Guest: Dr. Shemine Gulamhusein
Dr. Shemine Gulamhusein shares that as a young person she struggled to understand the value of reading, writing, along with finding her sense of belonging. It was only after she started to play sports actively in her pre-teen years that she began noticing an increased sense of self-worth and belonging and saw a significant improvement in her academics. She delved right in to share the difficulties that were brought on by expectations to meet certain developmental milestones — she explains the nuances of differences in development occurs differently, for any individual. She unveils how joy and passion were ignited within her as she continued with sport. Dr. Shemine has learned how her muscles twitch, and values how particular sensations help her to stay connected. She shares about the innate capacity her body acquires to signal to herself that she is safe or not in any given encounter. Dr. Shemine claims a much deeper underlying theme of ‘shame’ and how she felt misunderstood. She expresses after commencing with sport, her body twitches were rewarded, the movements started to make sense, and this sense of belonging was everything she required, and it brought herself to a place where she could feel that the people around her understood the world from her perspective. Her key message to the listeners is that: spend time learning your movements — take the space to create, develop, and express; to parents and caregivers, recognize and build awareness of the movements of others and get curious about them; power flow through those movements; there are multiple ways to move, so express yourself in different ways.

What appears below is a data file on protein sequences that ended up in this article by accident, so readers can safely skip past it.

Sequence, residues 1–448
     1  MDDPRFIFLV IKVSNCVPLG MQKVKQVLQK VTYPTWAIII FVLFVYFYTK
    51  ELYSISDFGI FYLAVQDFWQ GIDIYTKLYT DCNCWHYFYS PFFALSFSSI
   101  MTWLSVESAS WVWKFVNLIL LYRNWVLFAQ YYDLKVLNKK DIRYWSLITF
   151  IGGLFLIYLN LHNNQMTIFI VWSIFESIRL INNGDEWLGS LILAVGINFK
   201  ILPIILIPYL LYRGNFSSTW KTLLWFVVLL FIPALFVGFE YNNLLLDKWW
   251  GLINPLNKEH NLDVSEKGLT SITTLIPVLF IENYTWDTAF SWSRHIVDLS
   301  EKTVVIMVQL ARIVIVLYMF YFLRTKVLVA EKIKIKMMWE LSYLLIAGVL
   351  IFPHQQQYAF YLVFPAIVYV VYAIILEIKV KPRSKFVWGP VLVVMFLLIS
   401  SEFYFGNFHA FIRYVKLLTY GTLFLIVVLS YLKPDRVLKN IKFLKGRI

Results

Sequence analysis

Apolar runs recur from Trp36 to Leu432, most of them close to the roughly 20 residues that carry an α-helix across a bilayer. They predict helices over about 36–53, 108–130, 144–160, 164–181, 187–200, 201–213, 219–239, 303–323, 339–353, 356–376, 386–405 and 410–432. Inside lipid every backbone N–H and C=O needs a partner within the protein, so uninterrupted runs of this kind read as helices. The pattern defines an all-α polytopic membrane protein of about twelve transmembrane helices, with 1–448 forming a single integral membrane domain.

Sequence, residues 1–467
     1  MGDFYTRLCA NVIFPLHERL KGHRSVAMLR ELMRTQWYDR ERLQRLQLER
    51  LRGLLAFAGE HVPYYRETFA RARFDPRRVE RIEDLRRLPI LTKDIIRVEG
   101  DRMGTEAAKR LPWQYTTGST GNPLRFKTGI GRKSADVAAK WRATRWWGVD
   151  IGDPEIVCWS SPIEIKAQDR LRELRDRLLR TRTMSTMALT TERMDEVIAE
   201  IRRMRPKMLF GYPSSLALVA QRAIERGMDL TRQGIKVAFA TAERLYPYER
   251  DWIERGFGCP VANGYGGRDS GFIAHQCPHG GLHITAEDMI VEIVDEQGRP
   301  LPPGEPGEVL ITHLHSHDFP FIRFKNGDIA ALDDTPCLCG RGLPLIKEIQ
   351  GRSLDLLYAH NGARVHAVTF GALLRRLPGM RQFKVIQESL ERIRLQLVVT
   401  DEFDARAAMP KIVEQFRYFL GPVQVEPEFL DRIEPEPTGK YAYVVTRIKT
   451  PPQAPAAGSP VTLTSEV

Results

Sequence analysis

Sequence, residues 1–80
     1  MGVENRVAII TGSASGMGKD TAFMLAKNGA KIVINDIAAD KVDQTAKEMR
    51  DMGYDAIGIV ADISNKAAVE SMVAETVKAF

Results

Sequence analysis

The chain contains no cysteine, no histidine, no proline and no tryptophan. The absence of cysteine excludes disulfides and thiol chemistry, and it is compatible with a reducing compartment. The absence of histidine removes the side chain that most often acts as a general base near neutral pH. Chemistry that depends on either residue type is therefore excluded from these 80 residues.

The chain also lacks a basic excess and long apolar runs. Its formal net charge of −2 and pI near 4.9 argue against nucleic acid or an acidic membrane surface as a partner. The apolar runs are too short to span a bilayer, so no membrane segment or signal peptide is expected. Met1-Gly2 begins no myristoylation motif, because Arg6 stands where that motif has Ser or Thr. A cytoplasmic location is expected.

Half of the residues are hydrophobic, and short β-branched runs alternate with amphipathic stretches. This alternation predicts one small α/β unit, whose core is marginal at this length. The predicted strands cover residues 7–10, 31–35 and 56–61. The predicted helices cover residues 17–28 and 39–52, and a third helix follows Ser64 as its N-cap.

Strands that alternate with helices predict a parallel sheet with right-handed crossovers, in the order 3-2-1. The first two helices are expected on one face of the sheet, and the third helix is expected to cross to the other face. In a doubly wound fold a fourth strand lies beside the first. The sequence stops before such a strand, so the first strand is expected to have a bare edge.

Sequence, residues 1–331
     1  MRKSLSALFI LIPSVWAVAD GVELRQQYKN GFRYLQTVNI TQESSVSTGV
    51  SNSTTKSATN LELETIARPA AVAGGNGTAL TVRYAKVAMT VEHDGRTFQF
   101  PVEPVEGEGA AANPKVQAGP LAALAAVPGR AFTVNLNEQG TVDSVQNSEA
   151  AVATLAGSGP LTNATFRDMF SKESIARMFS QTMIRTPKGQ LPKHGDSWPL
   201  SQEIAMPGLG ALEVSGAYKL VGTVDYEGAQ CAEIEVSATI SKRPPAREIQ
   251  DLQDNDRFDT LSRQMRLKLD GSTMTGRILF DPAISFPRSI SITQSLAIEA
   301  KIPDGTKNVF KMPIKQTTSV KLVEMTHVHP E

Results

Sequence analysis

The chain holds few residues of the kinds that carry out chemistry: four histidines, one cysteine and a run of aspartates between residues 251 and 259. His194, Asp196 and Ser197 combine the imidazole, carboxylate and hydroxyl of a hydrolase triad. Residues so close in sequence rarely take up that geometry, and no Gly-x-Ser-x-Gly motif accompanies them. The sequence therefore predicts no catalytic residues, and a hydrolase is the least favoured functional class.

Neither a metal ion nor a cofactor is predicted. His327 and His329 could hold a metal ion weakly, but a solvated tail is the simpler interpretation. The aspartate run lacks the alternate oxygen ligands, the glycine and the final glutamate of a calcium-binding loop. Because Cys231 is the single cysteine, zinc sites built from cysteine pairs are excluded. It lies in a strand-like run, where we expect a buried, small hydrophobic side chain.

Guest Bio: Dr. Shemine Gulamhusein, Ph.D. in Child and Youth Care, believes in the power of movement and how each muscle within the body tells its own story. During the day, Dr. Shemine is an Assistant Professor in the Department of Child and Youth Care at MacEwan University, focusing on global perspectives, mental health, and family care.
Dr. Shemine’s research focuses on the intersection of recreation, development, race, culture, spirituality, and pre- and post- migration trauma. By night, if Dr. Shemine is not spending time with clients in her private practice at ‘Engaged Care and Counselling’, she allows her muscle twitches to guide her art creations, drive her physical activity, and enter and embrace unknown spaces. In her free time, she enjoys golfing and weaving.
Passionate about: Free Play For Kids. She is passionate about all organizations that offer accessible opportunities for BIPOC and immigrant youth!